The final chapter examines how Syrian labourers in Beirut circulated, from the edges of the civil war, a range of “conspiracy theories” that purported to make sense of what – by 2014 – appeared a chaotic and persistently tragic series of events. Arguments ranged from accusations concerning masonic plots ushering in the end of times to the suggestion of an elaborate Shia plan to engulf the entire region. As foil to Chapter 1 and 2, this final chapter shows how the arguments men made during after-dinner conversations still, even at this late stage, attempt to retain and reinforce core populist political identities carved out during 2011’s populist rupture: al-shaʿb [the people] and al-niẓām [the regime]. But these conspiracy theories, especially when they take on sectarian logic, tidy up loose ends despite evidently complicated political splintering. I show how these popular political theories worked to constitute and extend political borders, identities, and territories from the Syrian conflict into workers’ daily lives in Lebanon. But also, how, as the revolution was lost, political theories from the 2011‒2012 period, that men once based around dignity, class, solidarity, and rural resentment, became increasingly anchored in notions of “Shia plots,” sectarian duplicity, and reified socio-religious identities. I conclude that this is an evident degeneration in political beliefs and commitments and represents a late-stage, conflict-driven mutation of rebel populism itself.
The dominant narrative of the Syrian uprising is that regime violence suppressed mass protests calling for “freedom of expression and democracy,” and that, consequently, a movement once liberal and democratic degraded into a sectarian civil war. Stepping back from a sarcastic joke from a worker dismissing the Ba’athist ideological pillars – “Unity, Liberty, Socialism” – this chapter examines transformations in Syria’s political economy. We learn that what’s being objected to here is not only the violence of the state’s repressive arm but also its abandonment of a welfare pact between the city and the countryside. The chapter examines, in turn, how the “Populist Authoritarian” Ba’ath state did enact material transformations that coalesced around its those initial headlines – “unity, freedom, and socialism.” However, we then see how, due to a series of liberalising reforms in the 1990s, deepened in the 2000s, anti-poor outcomes began to constrain the future of the men who made that joke. Thus, in a bid to understand their sarcasm that this chapter moves gradually toward the book’s central analytic framework. We learn how the Ba’ath party’s social contract snapped, lost its remaining populist credentials, and exposed workers and peasants to the increasingly unfettered capitalism. Labour migration thus shifts from a means to build a future to a mechanism of survival. The Assad government, under a global push toward market liberalisation, thereby lay its own populist powder keg.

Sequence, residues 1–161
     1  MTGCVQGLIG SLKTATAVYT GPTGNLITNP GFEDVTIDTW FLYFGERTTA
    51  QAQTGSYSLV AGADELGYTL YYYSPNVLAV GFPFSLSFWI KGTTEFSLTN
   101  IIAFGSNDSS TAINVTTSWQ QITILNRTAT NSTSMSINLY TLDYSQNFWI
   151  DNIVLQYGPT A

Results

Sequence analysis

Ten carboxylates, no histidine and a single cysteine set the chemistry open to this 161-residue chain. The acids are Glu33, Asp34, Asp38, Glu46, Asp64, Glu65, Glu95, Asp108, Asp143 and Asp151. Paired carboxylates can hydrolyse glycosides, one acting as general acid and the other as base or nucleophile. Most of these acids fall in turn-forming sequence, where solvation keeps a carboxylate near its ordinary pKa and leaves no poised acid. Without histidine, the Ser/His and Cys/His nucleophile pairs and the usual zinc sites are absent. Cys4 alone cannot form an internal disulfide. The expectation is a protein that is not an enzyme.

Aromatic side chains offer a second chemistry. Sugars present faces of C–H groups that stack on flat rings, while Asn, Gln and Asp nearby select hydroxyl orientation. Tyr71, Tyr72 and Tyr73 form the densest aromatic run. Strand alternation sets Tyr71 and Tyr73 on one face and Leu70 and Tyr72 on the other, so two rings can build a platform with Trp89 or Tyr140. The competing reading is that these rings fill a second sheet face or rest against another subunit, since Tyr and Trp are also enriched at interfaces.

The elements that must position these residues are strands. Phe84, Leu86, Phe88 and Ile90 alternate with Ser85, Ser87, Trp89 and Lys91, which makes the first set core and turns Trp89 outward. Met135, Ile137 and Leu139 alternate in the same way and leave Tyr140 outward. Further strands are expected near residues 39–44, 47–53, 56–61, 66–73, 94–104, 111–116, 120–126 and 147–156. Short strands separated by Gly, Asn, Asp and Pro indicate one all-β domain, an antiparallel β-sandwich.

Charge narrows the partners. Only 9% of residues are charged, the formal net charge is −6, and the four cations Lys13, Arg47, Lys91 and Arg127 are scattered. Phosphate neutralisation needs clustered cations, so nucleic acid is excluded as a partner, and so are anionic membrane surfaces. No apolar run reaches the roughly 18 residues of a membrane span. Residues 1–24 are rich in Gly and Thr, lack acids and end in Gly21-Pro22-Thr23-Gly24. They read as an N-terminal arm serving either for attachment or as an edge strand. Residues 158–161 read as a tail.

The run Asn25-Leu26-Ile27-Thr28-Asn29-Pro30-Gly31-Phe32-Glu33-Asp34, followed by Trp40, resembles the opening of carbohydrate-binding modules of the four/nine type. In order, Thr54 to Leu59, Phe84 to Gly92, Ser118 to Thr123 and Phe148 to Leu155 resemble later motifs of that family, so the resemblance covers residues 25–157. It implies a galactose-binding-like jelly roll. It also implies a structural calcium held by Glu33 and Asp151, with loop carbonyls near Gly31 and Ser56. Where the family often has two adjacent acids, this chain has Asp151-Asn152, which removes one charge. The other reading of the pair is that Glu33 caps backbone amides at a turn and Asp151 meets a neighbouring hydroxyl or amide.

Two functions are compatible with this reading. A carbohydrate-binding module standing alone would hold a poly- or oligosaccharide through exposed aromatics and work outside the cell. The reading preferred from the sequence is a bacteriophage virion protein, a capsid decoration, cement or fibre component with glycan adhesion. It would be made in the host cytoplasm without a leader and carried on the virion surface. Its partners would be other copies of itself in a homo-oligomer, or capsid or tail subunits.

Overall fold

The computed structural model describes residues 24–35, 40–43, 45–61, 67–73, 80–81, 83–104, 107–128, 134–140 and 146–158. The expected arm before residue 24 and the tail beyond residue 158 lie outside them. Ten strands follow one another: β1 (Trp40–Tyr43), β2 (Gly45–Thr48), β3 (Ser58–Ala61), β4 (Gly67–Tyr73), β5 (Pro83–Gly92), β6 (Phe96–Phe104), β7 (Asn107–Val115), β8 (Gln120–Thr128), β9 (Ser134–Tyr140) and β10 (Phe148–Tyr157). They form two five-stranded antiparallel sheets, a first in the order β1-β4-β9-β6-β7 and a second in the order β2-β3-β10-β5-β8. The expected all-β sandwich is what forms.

This chapter begins with a discussion on translation and anthropology to highlight how they have been central to the construction and translation of the Global South to the Global North. The aim of the chapter is to provoke a new thinking of diaspora by turning the tables on this, and focusing on how diasporas unsettle and trouble North-centric visions and epistemologies. It argues that how diasporas decolonise must be a central aspect of diaspora theorising. Through a focus on examples of diasporas in the Global North, but especially in the United Kingdom, it explores how diasporas should not simply be seen as mediators but as agents who speak back and challenge the worldviews in the Global North, aiding foreignisation and decolonisation. It considers them as the ‘Global South in the Global North’. Diasporas also speak back and challenge worldviews in the home left behind, aiding decolonisation of the homeland at a distance. The Bristol Bus Boycott, the strike at Imperial Typewriters, the Grunswick Dispute, the mobilisations following the Grenfell Fire, the Windrush Scandal, Black Lives Matter and many others are examples of how diasporas challenge and expand understandings of freedom, equality and dignity in the metropole and globally. The book introduces concepts such as ‘radical remembering’ and ‘radical inclusion’, and posits them against ‘social inclusion’. The chapter thus shows how we can rethink diasporas and conceive of them as agents of globalisation and of decolonisation rather than mere consequences of these, as conventionally constructed.